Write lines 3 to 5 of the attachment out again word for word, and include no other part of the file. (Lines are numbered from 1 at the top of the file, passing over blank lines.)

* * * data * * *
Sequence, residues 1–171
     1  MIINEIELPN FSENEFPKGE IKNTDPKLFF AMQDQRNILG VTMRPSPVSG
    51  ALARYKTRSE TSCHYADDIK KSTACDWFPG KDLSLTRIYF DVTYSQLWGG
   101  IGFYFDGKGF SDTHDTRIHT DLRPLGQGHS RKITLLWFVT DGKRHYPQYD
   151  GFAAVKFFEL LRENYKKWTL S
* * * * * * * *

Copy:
    51  ALARYKTRSE TSCHYADDIK KSTACDWFPG KDLSLTRIYF DVTYSQLWGG
   101  IGFYFDGKGF SDTHDTRIHT DLRPLGQGHS RKITLLWFVT DGKRHYPQYD
   151  GFAAVKFFEL LRENYKKWTL S